This week was the block party we've been waiting all quarantine long for (FINALLY) and it did not disappoint. Insecure fans are still recovering the events of said block party, which makes any previous drama like Molly's relationship/work life balance dilemma with Andrew from the previous episode look like small potatoes.
There's been a lot of build-up this whole season that came down to an explosive argument between Issa and Molly at the end of the block party. The very public screaming match between the two besties went from heated confrontation to almost throwing hands to a someone yelling "gun" and breaking up the entire scene. I'm going to add that just before this all went down the pair looked like they were headed toward a reconciliation over "The Wobble". So, WTF?
Trying to make sense of what I just watched, and how one of television's best duos just called it quits, I discussed real-life buddy breakups with my friends. I've had a few friendship breakups over the years. Some dramatic, and some not so much. What I can say is that they've all been learning experiences. I'm a firm believer in this universal relationship truth: They're either a blessin' or a lesson. Ex friends were lessons that I learned things like what type of energy I want to surround myself with, how to forgive others for my own peace, and believe someone when they repeatedly show you who they are. I have a few blessings in my life in the form of best friends, too. At some point in my best friendships, we've had a falling out. Most of them are dumb when I explain them out loud now, or I can't even remember how they started, or the details are blurry between what actually happened and the embellishments I added in my head—as I suspect this Molly and Issa situation will play out years later.
But before you take the high road, you usually do a detour on the petty path and while the petty path is so not the right way, it's always the most entertaining. So, I reached out to Insecure fans to ask them:
Have you ever had a public, or otherwise, friend breakup? What happened? Did you come back from it?
We Didn’t Speak For A Year And Then He Apologized
"I had a very public breakup with my BFF on Facebook. He and I had been friends since '98. Can you imagine, 20 years? We had huge spat where we couldn't see eye to eye, but before that, we were throwing low blows and things were said that he couldn't take back. We didn't speak for a year and then he reached out and apologized. We had to have that difficult talk but it was worth it. Things aren't the same but I don't want them to be; I want them to be better. We're taking it slow coming back into each other's lives and I'm glad. I did miss my friend." –Amiyah Deziire, Author, Midnight Confessions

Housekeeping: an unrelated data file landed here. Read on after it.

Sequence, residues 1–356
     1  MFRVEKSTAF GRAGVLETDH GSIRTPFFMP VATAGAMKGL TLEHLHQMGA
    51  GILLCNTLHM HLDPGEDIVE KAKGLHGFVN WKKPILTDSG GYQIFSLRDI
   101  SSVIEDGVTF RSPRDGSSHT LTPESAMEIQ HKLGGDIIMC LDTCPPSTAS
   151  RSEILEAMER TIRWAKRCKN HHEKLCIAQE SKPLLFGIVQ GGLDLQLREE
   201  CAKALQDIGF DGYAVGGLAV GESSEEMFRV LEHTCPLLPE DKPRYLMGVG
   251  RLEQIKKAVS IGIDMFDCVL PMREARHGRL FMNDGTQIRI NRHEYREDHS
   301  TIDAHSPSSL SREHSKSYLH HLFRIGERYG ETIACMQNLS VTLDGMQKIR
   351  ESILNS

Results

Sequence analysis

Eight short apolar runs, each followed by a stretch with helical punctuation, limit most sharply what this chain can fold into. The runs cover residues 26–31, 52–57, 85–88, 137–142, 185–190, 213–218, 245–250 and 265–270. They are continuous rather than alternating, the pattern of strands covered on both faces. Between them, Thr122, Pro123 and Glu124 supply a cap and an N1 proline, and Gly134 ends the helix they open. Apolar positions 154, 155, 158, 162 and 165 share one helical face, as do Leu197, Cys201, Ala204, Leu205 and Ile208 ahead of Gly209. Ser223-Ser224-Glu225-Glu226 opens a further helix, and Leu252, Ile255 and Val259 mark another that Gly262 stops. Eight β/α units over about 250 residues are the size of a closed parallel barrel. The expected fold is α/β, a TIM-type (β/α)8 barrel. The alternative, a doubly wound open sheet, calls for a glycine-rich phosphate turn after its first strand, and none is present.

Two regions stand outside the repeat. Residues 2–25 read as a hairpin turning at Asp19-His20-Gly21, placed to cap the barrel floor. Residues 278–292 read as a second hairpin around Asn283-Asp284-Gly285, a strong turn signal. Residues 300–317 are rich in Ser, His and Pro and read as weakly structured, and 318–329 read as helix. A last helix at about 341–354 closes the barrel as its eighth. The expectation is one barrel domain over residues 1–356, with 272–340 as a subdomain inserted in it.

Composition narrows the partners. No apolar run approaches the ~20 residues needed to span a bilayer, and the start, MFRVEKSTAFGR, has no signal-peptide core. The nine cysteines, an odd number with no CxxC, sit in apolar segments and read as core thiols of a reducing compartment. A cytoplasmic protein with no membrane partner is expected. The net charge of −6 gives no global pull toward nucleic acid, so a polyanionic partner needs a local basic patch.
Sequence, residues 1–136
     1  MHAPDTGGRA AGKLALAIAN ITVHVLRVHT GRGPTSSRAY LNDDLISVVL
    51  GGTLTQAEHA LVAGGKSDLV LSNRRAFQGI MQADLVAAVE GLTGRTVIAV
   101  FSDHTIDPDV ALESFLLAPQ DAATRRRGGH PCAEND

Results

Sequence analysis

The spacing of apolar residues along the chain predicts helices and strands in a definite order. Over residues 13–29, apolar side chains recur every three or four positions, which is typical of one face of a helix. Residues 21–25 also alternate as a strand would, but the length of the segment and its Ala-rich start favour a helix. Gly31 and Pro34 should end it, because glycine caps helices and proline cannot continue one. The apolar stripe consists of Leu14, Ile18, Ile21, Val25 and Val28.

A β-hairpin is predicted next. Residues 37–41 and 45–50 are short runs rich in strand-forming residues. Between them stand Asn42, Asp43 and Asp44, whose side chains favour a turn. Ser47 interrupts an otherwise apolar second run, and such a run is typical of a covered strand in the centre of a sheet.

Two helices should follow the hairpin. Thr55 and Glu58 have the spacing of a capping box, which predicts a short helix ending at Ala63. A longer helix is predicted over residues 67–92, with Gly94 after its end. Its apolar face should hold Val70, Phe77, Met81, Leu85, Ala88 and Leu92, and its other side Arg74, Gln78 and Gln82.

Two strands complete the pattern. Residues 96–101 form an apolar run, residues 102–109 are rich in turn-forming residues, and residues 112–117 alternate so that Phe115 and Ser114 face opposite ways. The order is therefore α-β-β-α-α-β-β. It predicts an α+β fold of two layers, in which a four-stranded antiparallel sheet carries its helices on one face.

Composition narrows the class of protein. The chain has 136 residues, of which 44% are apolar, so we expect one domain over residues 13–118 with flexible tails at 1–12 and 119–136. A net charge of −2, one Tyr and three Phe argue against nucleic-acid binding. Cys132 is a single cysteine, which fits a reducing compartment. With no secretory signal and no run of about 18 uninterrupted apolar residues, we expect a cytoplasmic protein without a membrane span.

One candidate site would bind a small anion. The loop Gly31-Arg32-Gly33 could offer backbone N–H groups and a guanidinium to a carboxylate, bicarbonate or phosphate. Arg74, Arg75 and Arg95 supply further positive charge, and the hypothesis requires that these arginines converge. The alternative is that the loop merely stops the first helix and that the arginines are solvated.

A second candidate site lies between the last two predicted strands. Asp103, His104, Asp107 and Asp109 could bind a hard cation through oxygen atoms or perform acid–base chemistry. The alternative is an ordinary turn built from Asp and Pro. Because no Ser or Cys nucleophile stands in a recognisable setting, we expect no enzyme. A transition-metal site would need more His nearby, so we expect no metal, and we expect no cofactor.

Temporary Breaks Are Healthy
"I had a best friend breakup like a year back. She is a spicy one and very headstrong girl from Brooklyn and so am I. We just clicked from the jump, but when I say we had multiple arguments, cursing battles and extreme dramatic displays of annoyance, it's not an exaggeration. We're both in the army; that's how we met. We were and are still close. It's crazy because [there was no single blow up that led to the breakup], it was more so what happened daily. But we made it through.
"Yes, we had our breaks in between, but I would say that's needed in close relationships. It helps set healthy boundaries because we had none in the beginning."
"Two-week breaks [every once in a while] is normal in my opinion. Now, we're closer than ever. She's still spicy though, but that's what I love about her." –Sgt. Simone Victor,U.S. Army
A Tragic Accident Forced Us To Reconnect
"I had a friend breakup with my best friend of over 20 years. It was very similar to how Issa and Molly's played out with myself being the more passive friend who usually shuts down. I had no desire to argue why I was worthy enough to be her friend or let her control how I should be a friend to her. We had our final argument the day before her baby shower and I decided after her treatment towards me for not responding to her how she wanted, I was not showing up to the baby shower. I now know that was wrong and spiteful. Needless to say, she was pissed and we didn't speaks for 6 months.